Lawmakers on Tuesday decided to transfer to the House legal affairs committee a government bill amending the Law of Evidence, which would grant credit-acquiring companies (CACs) the same rights as banks in matters of legal disputes with debtors.
The main change brought about by the amendment would shift the burden of proof regarding matters of debt, from the CACs to the borrowers.
In parliament, MPs heard the proposed amendment will affect thousands of debtor cases pending before the courts.
Due to the bill’s complex legal nature, the House finance committee said the legal affairs committee was better suited to handle it.
Main opposition Akel said it was against the amendment outright as it appears to be tailor-made to benefit big business interests, including Cypriots.
Party MP Aristos Damianou cited remarks by the finance ministry, according to which the changes will ensure the capability of credit-acquiring companies to continue pursuing current lawsuits before the courts.
“Whichever committee this unacceptable item of legislation goes to, we shall not support it, as it’s clear what its aim is,” Damianou said.
Independent MP Anna Theologou told the Cyprus Mail that the law as it stands already places the burden of proof on debtors in litigation with banks. The amendment now would extend this state of affairs to CACs who bought the loans from the banks.
And if passed, the amendment would have retroactive force.
“Up until now, the bank would need to show its bookkeeping data to the court, for example bank statements and so forth, and cite this as proof that the borrower owes, say, €100,000 – because that’s what it says on the statement,” said Theologou.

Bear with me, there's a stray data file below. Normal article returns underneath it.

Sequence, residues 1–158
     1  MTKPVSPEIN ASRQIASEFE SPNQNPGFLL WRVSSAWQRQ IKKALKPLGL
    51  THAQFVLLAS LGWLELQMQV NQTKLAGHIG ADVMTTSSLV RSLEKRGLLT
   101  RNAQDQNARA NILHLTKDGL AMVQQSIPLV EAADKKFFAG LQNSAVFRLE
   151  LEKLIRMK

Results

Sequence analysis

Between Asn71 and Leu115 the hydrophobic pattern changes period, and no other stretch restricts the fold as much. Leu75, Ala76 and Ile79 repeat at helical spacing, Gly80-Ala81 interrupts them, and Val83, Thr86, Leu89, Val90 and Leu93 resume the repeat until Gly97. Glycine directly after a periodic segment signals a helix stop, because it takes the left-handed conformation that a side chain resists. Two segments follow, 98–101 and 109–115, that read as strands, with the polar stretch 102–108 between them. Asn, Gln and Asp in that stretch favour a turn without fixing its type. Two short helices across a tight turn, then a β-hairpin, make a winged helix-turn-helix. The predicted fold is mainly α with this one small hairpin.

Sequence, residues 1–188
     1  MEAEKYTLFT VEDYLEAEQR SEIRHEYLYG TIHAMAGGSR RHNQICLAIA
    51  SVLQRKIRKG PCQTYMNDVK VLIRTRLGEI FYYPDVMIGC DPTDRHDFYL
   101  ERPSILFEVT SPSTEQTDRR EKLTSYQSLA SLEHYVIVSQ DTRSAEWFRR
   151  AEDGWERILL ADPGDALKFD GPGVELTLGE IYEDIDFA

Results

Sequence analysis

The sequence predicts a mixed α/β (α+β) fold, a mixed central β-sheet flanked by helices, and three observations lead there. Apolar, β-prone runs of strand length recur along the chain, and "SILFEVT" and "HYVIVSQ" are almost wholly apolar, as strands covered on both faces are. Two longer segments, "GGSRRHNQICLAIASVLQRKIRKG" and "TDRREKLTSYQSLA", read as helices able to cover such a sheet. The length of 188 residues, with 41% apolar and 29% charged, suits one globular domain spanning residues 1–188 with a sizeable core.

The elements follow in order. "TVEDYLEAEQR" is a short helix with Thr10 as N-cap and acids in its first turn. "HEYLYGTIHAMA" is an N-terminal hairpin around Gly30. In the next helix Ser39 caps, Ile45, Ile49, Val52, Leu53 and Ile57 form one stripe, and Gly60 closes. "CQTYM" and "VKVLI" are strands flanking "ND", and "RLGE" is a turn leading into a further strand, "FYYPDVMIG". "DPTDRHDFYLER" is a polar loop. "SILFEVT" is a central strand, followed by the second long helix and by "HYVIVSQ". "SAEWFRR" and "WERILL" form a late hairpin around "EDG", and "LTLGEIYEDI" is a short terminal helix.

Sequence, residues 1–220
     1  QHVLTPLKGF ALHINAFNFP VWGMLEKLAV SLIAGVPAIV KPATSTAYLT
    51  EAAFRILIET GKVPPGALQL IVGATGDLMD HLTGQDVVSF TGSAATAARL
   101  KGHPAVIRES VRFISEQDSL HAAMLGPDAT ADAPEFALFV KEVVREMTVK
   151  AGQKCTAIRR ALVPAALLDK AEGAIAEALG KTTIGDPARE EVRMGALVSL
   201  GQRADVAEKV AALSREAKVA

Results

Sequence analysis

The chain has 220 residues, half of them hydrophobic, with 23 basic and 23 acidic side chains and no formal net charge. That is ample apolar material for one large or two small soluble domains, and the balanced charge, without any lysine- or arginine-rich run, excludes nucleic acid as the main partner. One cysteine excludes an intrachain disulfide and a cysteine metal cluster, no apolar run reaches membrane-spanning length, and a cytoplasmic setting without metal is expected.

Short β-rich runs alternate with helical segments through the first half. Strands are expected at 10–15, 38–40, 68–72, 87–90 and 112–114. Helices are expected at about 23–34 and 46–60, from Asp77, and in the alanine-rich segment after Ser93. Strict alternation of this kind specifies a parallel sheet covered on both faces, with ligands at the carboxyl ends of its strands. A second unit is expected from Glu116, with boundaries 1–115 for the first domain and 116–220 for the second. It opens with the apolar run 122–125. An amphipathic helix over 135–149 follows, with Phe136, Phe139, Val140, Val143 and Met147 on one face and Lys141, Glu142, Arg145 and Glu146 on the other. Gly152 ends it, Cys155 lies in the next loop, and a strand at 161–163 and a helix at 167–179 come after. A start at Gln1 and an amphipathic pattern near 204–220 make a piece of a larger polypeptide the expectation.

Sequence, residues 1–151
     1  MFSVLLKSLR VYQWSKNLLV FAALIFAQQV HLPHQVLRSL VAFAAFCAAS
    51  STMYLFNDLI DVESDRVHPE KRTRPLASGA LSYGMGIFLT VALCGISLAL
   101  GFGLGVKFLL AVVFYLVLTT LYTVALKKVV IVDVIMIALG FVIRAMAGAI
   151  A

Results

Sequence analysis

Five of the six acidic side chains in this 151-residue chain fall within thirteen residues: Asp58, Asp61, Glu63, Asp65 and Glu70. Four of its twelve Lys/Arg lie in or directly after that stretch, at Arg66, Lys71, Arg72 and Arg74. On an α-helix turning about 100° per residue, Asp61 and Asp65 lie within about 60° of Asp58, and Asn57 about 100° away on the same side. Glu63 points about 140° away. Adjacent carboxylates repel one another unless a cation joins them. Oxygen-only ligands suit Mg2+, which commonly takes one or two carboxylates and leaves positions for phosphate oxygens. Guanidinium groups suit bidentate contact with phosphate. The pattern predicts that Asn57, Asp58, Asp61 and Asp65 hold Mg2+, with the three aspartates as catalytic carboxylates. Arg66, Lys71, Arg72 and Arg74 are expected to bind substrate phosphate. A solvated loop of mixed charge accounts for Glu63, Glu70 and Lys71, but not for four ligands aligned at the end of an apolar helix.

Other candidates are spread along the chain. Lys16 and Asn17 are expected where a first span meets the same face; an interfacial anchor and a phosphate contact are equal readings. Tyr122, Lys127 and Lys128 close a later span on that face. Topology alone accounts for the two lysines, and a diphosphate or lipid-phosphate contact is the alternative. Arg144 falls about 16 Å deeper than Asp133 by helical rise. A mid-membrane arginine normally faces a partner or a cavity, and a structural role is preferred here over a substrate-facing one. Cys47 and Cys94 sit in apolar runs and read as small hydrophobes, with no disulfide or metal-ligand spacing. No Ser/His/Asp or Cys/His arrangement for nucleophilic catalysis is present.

“The borrower could then produce his or her own data, acquired from the bank, to challenge the amount owed – for instance showing that certain interest rate charges were too high. The key point was that at least debtors had access to data to make their case.
“But now with the amendment, debtors facing CACs in court don’t have access to this data because the CACs themselves do not keep them. CACs tend to bundle loans into packages and don’t have detailed data on each loan.”
In short, Theologou said, the proposed change will make it even tougher on debtors to challenge the other party – for instance it will be harder to obtain a court injunction temporarily halting foreclosure proceedings.
According to the MP, it all comes down to the very concept of a fair trial, which this single amendment would single-handedly topple.
It’s understood that currently before the courts there are 2,936 cases involving debtors versus CACs; the total value of the loans in question is €648m.
That works out to an average of about €200,000 per case; these values, Theologou said, make it fairly obvious that many, if not most, of the cases involve mortgages.